Ippodo held their first tea workshop in October of last year and I had the privilege of attending. Participants were invited to learn how to prepare matcha, which is very popular in Japan, and Gyokuro, an extremely select grade of Japanese tea. We were also promised delicious treats to compliment our teas.
I wrote about Ippodo when I visited them in Tokyo and NYC this past summer.
Ippodo shares a space with Kajitsu, recently named one of New York's Best New Restaurants for 2013 by Travel + Leisure Magazine.
Incredibly attentive and knowledgeable staff...
Preparing Gyokuro Kanro with chilled water. We used 10g (2 tbsp) of leaves, 3oz (80ml) of water and steeped it in a pot that holds approximately 120cc of water (4.1oz) for...
15 minutes! GASP! 15 minutes is a long time. This amount of leaves can make up to 3 pots of tea.
Gyokuro is grown in the shade for about three weeks before harvest. This is part of the magic that gives it its exquisite sweetness. The more the tea leaves are exposed to sunlight the sharper they become in flavor (i.e. Sencha and Bancha) and astringency. Astringency is reduced by shading, resulting in a sweeter, less astringent taste.
Another difference between shaded and non-shaded green teas is the size of their tea leaves (as demonstrated by our instructor). Bancha and Yanagi tea leaves are larger in size because they are the mature tea leaves; Gyokuro and Matcha are smaller in size and are younger.
This particular Gyokuro was without a doubt mind-blowing! The liquor was a golden pale yellow. When I poured my tea out of the pot it was thick and almost syrup like in consistency. The taste! Oh the taste. It was rich, savory (almost like a meaty broth), rich in umami flavor. This is definitely one of those teas you share with friends.
Yanagi had a more delicate taste and more subtle notes in aroma.
The Sencha has a stronger fragrance and aroma, much more complex.
Gyokuro teatime paired with Yokan sweet made in house upstairs at Kajitsu. It is very important to balance out the correct amount of sweet when pairing with Japanese teas. We were told the chef was particular in the amount of sugar used in preparing this Yokan for our tasting.
It all comes together perfectly. Well balanced in every way, pleasing all the senses.
Sifting the matcha powder is such a crucial step...
and make sure not to over whisk. Ten strokes for ten seconds is plenty. It is important to move the whisk in a back and forth motion. If you whisk too hard or too long, the tea will become overly bitter.
They had these sweets flown in from Japan for the matcha pairing.
They sell so many lovely tea accessories that it's difficult to choose just one!
Ippodo Tea, New York
125 East 39th Street, New York 10016
11 AM to 7 PM (closed on Sundays)
Till we meet again for tea!
I only had five hours in Kyoto on my latest trip so I had to visit Ippodo's Tea House in Tokyo which is only a few stops from our apartment.
Easy to find and conveniently located in Marunouchi, right next to the Imperial Palace. It's about a five minute walk from the train station.
The Kaboku Tea Room is there for you to prepare your own tea; matcha, gyokuro, sencha and bancha. They open daily 11 to 7 and offer tea classes and events regularly.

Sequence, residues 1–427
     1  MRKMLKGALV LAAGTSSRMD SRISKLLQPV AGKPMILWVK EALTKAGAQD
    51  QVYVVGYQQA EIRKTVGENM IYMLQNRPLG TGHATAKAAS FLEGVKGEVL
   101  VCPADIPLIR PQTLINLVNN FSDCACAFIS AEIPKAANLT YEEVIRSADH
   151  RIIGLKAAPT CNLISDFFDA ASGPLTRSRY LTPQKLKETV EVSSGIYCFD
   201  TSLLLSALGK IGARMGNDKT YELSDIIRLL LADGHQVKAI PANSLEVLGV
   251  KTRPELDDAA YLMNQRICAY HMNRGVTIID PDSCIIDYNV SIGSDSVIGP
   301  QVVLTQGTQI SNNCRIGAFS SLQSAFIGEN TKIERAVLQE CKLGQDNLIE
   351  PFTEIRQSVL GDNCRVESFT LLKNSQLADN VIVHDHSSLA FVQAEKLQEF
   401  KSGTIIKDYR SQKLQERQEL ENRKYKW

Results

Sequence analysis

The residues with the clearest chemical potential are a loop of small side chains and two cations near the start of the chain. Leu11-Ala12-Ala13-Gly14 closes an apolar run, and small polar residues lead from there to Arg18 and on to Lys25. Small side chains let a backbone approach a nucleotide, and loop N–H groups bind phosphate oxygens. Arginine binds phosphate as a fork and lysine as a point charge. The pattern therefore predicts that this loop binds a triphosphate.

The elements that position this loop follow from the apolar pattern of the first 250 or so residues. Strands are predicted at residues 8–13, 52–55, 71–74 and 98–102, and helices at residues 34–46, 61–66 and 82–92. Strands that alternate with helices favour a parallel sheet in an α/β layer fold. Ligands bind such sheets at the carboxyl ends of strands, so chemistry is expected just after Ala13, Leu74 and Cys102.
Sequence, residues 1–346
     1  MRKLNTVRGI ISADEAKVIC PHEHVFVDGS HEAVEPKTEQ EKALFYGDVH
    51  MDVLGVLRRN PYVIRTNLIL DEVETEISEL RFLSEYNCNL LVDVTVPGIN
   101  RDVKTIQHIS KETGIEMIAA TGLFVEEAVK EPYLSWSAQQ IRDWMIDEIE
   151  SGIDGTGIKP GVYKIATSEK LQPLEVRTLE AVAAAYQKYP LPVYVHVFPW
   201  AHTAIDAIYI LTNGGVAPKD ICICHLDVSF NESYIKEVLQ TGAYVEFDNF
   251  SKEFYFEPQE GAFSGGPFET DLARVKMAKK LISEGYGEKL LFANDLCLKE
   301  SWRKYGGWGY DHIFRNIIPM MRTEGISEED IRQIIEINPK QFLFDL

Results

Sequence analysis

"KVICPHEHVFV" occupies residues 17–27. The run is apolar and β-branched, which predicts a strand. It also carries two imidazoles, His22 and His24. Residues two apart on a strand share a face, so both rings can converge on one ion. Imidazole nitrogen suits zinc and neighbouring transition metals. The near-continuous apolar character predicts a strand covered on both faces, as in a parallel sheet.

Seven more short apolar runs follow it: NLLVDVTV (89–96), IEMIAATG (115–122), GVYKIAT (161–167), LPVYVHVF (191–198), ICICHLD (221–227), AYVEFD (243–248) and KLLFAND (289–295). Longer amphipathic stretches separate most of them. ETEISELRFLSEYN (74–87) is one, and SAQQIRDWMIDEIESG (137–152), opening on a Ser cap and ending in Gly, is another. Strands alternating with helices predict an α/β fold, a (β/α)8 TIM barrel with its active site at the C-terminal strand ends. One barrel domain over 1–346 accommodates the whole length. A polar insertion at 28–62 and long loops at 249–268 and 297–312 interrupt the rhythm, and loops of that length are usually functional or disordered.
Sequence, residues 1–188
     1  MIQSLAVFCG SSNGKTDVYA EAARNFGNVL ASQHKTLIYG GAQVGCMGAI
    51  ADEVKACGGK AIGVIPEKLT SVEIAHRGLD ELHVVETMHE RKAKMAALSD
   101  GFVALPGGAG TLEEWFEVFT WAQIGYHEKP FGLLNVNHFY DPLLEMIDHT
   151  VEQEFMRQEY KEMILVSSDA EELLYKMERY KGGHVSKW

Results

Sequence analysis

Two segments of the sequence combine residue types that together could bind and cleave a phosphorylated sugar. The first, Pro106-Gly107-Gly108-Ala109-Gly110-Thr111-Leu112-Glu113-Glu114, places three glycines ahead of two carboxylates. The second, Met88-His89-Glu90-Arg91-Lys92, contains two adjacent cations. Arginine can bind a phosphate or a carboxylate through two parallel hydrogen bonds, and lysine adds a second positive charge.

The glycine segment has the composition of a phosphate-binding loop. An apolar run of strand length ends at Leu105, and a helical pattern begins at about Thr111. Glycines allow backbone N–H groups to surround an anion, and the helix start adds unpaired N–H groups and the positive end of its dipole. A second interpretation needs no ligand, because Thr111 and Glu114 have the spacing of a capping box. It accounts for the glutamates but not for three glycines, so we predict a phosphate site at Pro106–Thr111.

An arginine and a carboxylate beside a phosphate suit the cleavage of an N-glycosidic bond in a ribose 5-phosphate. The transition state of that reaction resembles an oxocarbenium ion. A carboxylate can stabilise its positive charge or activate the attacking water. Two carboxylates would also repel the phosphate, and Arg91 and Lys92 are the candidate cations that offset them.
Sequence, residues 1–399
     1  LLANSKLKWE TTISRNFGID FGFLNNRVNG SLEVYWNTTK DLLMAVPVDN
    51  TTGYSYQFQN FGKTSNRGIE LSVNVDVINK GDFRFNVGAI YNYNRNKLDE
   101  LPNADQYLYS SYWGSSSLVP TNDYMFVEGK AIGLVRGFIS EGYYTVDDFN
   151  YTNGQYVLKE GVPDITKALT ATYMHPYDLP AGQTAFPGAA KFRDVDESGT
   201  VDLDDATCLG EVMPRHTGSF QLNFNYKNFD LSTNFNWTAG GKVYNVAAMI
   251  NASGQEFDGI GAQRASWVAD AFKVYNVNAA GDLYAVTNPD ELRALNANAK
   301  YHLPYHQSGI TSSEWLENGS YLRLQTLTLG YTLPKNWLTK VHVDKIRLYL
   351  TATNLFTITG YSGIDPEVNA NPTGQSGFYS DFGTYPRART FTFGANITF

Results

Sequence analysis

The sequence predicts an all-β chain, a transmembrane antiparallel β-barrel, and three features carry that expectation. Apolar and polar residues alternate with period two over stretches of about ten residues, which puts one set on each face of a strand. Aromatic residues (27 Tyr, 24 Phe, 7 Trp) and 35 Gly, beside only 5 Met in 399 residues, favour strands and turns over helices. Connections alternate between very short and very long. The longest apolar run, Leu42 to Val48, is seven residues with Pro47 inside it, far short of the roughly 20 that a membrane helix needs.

You can buy tea and other fine tea accessories in the shop to take home for yourself or to gift to loved ones. I picked up some tea bags (yes, they sell tea bags), but even these are unique. The labels of the individual tea bags have a slit in them that firmly fasten to the rim of the tea cup or to the spout of the teapot.
They are super generous when it comes to sampling their teas. They fully encourage you to try their teas before making any purchases. That's always an excellent sign : ) Although there are many locations throughout Japan you can purchase Ippodo Tea, please note that tea tastings and take-out service is not available at the department stores (only at the main store in Kyoto and Tokyo Marunouchi Store). The kind people at Ippodo were quick to tell me about the shop that recently opened in New York City. See below for more details on NYC store. I told them I couldn't wait to visit.
And what a selection they have...
They provide a take-out service for those on the go. They were promoting their new Zojirushi thermos (for both cold and hot beverages) when I was there. The artwork on it is the same that's on the disposable cups you see here. It's also perfect for preparing matcha without having to use the whisk. Chihiro, from the NYC location, informed me that you can simply shake and serve.
You can also enjoy tea with dessert inside the shop. Now to New York City...
As soon as I got back to New York I ran out during my lunch break to check out Ippodo on 39th Street. They don't have their own tea shop and share a space with Kajitsu, but you can still sample teas and buy select teas to take home.
Chihiro was kind enough to prepare some tea for us. She's originally from Nara (where I have family) so we chatted a little about that.
I finally decided on the Uji-Shimizu (which is chilled and slightly sweetened) because it was crazy hot outside.
I am so curious about the artwork on the cups and thermos. Chihiro told me that Miss Shiokawa drew all the animals for Ippodo. I wonder why they chose those animals? I wonder if they have any special significance? In any case, I know I will be a regular at Ippodo even though they don't have any seating yet.
Ippodo Tea New York
125 East 39th Street (between Lexington Ave. & Park Avenue) inside
Daily 11am-7pm closed on Sundays
Happy tea time!